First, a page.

Chrome Password Manager: Everything You Should Know


Chrome Password Manager comes in handy if you have too many login details to remember. Here’s everything you should know about it.

These days one cannot imagine his or her life without logging into different services, applications or websites. To enjoy each service, it is a must for you to log into it so that you can enjoy all its features. Now, remembering the passwords of each and every service can be a hell of a task. Many people still use their close one’s name, birthday or mobile number as their passwords. Some even keep the same password for every account. If you are one from the above-mentioned group of people, ever wondered how easy is it to hack your accounts and access your personal information.

In order to assist you with the passwords, Google introduced the Chrome Password Manager in the Chrome Web Browser. To mark the ten year anniversary of the most popular Web Browser of the time, Google released a new update in the form of Chrome 69. Chrome 69 brings many key improvements over its predecessor. It gets an updated material design, shortcuts on the homepage, built-in ad blocker and many more like such. Out of all these new features, I found the improved Chrome Password Manager to be the best. The improved password manager will now offer to automatically generate a random password when you sign up to websites for the first time.

If you are someone who is having a hard time getting your passwords remembered and is interested in the Chrome Password Manager, here is a list of everything that you must know about it.

1. Is Chrome Password Manager just limited to the desktop version?

The passwords stored in the Chrome Password Manager will be kept inside a Google Account which is securely synced across desktop and mobile versions of Chrome. This feature is available on Windows, Mac, Android, iOS, and Linux platforms unless you are not using the Chrome Browser.

2. How does Chrome Password Manager work?

When you’re signing up for a new account on any site and are asked to enter a password, Chrome Password Manager will generate a password for you. The generated password includes an alphabet in both upper and lower case, a number and a special character if deemed necessary. Once you save a password to your account, Chrome Password Manager will remember it and will auto-fill it every time you visit that site. Google believes that using the same password over and over again is the dumbest thing that one would have ever committed in his or her life. Hence, if you try to reuse a password that is already saved in your Google account, it will ask you to change it. However, one can ignore the caution message and go ahead reusing the same password.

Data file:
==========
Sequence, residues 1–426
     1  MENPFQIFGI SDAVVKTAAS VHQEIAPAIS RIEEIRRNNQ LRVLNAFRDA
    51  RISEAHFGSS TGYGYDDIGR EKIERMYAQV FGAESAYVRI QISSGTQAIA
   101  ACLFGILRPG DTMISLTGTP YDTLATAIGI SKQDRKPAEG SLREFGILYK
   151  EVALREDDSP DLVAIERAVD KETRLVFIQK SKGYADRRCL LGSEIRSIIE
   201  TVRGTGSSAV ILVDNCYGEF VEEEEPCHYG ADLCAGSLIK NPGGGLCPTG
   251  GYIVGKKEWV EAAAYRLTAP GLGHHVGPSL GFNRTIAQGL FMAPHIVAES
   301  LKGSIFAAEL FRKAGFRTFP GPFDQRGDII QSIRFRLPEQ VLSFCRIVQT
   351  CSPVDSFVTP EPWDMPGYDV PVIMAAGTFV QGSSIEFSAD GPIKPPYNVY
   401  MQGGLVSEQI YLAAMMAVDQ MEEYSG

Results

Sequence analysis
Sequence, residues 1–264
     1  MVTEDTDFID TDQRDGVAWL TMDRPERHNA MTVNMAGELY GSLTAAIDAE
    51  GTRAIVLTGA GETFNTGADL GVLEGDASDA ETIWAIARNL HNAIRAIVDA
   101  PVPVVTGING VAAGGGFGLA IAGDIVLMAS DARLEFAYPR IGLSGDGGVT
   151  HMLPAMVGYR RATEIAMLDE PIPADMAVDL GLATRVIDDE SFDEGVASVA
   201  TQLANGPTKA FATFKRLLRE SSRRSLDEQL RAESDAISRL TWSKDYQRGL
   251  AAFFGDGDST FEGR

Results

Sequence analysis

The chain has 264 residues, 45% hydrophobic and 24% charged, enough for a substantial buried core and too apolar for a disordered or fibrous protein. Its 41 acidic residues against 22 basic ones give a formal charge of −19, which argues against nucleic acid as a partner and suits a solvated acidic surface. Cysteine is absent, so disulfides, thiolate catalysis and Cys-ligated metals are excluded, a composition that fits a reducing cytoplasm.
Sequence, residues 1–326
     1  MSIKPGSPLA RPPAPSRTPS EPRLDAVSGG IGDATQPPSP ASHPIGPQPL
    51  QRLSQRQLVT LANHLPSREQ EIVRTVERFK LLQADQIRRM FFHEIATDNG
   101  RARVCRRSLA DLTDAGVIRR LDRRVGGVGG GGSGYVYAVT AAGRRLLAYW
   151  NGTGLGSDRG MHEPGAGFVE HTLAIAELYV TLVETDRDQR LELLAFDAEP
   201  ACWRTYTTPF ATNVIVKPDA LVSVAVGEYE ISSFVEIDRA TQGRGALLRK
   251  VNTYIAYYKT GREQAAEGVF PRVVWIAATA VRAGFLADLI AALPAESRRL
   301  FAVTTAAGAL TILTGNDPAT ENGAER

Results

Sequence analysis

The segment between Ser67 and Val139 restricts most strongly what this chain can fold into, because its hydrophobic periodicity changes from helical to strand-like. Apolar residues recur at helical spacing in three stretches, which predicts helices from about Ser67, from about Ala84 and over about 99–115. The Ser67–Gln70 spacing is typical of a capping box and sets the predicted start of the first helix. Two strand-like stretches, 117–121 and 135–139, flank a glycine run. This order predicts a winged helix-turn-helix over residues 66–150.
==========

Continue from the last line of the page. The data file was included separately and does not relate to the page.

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3. How safe is Chrome Password Manager?

This is one of the most important topics when there is any discussion on Password Managers. Password Managers are responsible for keeping our entire life which includes life on social media, our bank account details, and other such fields. Addressing this issue, Google has rolled out this statement:

Chrome is the most secure browser in the world. Advanced technology like site isolation, sandboxing, and predictive phishing protection keep you safe from security threats. Chrome automatically updates every six weeks so you always have the latest security features and fixes. For important security bugs, we’ve pushed out a fix within 24 hours – no effort from you required. If we think something seems suspicious, you’ll see a warning. Chrome was built to be secure by default, and easy to use by everyone.

3. Is Chrome Password Manager perfect?

I am yet to come across anything which is perfect in every sense, except for my parent’s love and affection. Keeping emotional things aside, Chrome Password is not perfect. It has some flaws of its own which might not motivate you to give up your dedicated password manager for this one. Chrome Password Manager only manages the passwords inside its browser, so if you sign into various applications on the mobile phone and TV like Prime Videos, Netflix and similar then those login combinations won’t be stored in your Google Account. Saying on, if you have never used any password managers in the past, you might want to consider this.

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4. How To Use Chrome Password Manager?

If the above-mentioned points were enough to garner your attention towards the Chrome Password Manager and you are wishing to use it to manage your passwords, here is how you can do it.

  • You must have the Chrome Web Browser updated to the latest version. It should on version 69 at least.
  • Now, open your profile from the Chrome Browser which can be accessed from the top right corner of the browser.
  • From your profile, click on Passwords.
  • It is from here that you can access the option to toggle on Chrome Password Manager’s different features such as saving passwords and auto fill. Toggle on the features that you wish to use.
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This was everything that you need on Chrome Password Manager. I hope this article works the way it is intended to beLet us know about your experience trying out the methods mentioned in this article in the comments section down below. In case I missed mentioning anything or if there is some topic which you want me to cover, please let me know in the comments section down below.

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